National Fisherman

The National Federation of Fisherman's Organisations (NFFO), the body representing fishermen's groups, individual fishermen and producers' organisations in England, Wales and Northern Ireland has overwhelmingly rejected forthcoming claims by Greenpeace, criticising how the industry is represented.

The NFFO has learned the environmental campaigning group is planning to issue what it calls "inaccurate and misrepresentative information", running a real risk of harming an industry that is now sustainably aware and scientifically based, and in a way that would cost jobs, damage the wider economy and threaten future consumer supply.

The claims set to be made by Greenpeace, allege that NFFO membership includes 57 per cent of foreign investment and that in a letter to the EU Commission, the NFFO has urged the body to exclude smaller, inshore fisherman's groups from Europe's Regional Advisory Councils (RACs). Both claims have been branded by the UK industry federation as "totally inaccurate", "misrepresentative" and "propaganda-driven".

In fact, current membership information for the NFFO shows only 8% of member vessels are owned outside the UK, ensuring strong representation from the home fishing industry, with the organisation having a broad representation of vessel sizes both within the body and on its central lobbying committee. At present, 66% of member fishing vessels are below 15 metres, and 40% are below 10 metres – the standard categorisation for small, local, inshore craft.

NFFO officials acknowledge the difficulty ensuring a strong voice for small scale fishermen. But in its widely circulated letter to the Commission – available to download from its website (www.nffo.org.uk) – it puts forward a range of positive suggestions to remedy the position within a reformed Common Fisheries Policy, including outreach work to areas of the small-scale fleet currently under-represented.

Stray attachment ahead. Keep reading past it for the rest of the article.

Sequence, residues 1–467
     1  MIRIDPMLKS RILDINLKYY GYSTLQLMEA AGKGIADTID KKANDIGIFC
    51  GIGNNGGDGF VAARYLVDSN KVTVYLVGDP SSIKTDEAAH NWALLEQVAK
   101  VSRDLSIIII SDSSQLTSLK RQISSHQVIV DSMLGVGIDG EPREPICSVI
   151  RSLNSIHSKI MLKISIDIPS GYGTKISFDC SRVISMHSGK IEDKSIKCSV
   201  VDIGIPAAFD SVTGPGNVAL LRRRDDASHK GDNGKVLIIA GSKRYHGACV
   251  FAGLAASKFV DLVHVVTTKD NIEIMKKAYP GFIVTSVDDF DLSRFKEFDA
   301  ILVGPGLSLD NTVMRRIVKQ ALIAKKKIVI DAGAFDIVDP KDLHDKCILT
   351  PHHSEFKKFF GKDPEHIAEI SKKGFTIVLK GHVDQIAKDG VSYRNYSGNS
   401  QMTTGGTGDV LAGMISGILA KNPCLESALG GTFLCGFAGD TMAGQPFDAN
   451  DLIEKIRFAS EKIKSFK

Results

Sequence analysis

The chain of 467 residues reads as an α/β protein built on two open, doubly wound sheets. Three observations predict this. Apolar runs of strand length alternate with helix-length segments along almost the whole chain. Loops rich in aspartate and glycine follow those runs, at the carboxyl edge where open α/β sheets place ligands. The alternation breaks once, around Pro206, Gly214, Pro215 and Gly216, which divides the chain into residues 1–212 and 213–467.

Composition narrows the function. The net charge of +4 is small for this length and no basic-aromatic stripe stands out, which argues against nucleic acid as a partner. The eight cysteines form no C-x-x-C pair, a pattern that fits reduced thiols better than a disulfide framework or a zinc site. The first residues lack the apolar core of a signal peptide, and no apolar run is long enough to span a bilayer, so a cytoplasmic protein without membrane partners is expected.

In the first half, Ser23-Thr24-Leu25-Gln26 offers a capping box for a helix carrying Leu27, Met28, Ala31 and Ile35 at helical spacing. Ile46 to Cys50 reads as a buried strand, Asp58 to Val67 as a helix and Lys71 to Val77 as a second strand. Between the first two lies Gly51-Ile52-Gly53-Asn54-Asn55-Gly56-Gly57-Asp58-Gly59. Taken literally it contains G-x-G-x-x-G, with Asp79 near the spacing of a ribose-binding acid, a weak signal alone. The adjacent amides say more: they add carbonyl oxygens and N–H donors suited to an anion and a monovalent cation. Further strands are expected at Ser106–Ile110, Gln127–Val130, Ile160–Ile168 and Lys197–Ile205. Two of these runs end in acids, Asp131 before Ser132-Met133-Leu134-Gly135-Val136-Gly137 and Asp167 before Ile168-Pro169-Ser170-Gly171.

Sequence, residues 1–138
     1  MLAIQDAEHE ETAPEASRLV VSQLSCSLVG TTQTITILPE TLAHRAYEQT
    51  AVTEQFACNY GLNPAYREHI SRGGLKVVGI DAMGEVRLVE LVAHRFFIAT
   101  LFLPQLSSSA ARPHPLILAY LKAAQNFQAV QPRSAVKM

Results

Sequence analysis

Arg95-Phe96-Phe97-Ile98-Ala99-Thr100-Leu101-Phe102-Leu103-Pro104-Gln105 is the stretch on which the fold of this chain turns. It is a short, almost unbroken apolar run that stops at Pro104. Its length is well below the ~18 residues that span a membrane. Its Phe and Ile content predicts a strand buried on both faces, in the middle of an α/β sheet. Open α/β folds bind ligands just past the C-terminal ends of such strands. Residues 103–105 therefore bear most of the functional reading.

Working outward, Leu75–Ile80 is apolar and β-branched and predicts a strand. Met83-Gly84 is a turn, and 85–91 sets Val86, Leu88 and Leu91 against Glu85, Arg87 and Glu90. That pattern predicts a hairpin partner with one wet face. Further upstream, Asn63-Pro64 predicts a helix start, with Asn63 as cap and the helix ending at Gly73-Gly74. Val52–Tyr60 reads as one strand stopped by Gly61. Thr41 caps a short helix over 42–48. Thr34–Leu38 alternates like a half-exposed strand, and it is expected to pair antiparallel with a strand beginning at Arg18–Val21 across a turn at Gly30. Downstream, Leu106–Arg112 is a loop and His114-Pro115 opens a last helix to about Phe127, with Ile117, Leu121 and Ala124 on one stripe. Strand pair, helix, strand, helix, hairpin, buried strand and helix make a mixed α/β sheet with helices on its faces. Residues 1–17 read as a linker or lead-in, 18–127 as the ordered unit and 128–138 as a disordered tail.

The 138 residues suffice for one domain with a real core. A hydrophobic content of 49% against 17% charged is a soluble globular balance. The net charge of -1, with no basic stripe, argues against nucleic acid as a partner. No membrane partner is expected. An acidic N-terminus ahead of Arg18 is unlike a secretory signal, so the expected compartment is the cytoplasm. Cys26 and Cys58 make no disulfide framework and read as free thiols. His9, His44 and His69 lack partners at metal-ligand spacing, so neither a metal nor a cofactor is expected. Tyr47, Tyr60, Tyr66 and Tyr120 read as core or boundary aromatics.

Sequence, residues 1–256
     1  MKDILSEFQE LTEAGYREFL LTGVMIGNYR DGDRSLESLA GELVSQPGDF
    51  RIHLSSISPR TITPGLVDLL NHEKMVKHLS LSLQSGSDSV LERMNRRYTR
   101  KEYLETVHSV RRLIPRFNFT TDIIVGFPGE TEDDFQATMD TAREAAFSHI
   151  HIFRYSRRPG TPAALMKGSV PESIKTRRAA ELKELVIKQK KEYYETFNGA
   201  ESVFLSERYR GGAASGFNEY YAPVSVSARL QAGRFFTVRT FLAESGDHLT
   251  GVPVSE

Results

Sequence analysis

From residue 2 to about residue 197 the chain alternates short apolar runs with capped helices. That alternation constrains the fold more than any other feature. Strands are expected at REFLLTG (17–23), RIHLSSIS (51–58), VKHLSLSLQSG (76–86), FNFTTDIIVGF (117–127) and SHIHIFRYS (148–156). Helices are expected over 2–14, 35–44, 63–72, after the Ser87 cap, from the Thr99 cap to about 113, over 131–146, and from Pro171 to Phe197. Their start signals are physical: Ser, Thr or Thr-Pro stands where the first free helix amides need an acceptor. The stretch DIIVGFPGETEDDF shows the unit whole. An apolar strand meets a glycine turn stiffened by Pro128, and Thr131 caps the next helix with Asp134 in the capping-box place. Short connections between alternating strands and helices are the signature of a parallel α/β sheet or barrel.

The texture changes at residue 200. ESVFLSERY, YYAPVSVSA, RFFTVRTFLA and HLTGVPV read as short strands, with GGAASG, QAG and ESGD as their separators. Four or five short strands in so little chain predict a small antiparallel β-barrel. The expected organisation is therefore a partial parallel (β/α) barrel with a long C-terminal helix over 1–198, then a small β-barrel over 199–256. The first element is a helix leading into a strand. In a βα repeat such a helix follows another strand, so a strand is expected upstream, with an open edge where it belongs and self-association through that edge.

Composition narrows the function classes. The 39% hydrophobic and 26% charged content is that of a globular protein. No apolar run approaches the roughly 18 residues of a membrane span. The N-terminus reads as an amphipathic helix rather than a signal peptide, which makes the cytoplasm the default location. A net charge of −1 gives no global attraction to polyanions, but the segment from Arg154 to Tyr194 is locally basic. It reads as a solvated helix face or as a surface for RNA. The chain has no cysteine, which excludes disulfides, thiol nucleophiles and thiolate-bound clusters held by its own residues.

The body does, however, warn against the dangers of self-appointed, unrepresentative industry groups, which it says run the risk of division and misrepresentation of the sector.

NFFO Chairman, Paul Trebilcock, also Chief Executive of the Cornish Fish Producers' Organisation, said: "Greenpeace has, in the past, been applauded by the industry for campaigns against illegal fishing and human rights abuse of crew, but this report appears quite desperate in its efforts to create and exploit divisions in our industry. Fortunately there seem to be few fishermen who buy into their propaganda. The truth is that the NFFO and many others in the industry share a goal of sustainability and are working hard to achieve it.

Read the full story at FishNewsEU>>

National Fisherman Live

National Fisherman Live: 3/10/15

In this episode, Online Editor Leslie Taylor talks with Mike McLouglin, vice president of Dunlop Industrial and Protective Footwear.

National Fisherman Live: 2/24/15

In this episode:

March date set for disaster aid dispersal
Oregon LNG project could disrupt fishing
NOAA tweaks gear marking requirement
N.C. launches first commercial/recreational dock
Spiny lobster traps limits not well received

Inside the Industry

SeaShare, a non-profit organization that facilitates donations of seafood to feed the hungry, announced on Wednesday, July 29 that it had partnered up with Alaska seafood companies, freight companies and the Coast Guard, to coordinate the donation and delivery of 21,000 pounds of halibut to remote villages in western Alaska. 

On Wednesday, the Coast Guard loaded 21,000 pounds of donated halibut on its C130 airplane in Kodiak and made the 634-mile flight to Nome.

Read more...

The New England Fishery Management Council  is soliciting applications for seats on the Northeast Trawl Survey Advisory Panel and the deadline to apply is July 31 at 5:00 p.m.

The panel will consist of 16 members including members of the councils and the Atlantic States Fishery Commission, industry experts, non-federal scientists and Northeast Fisheries Science Center scientists. Panel members are expected to serve for three years.

Read more...
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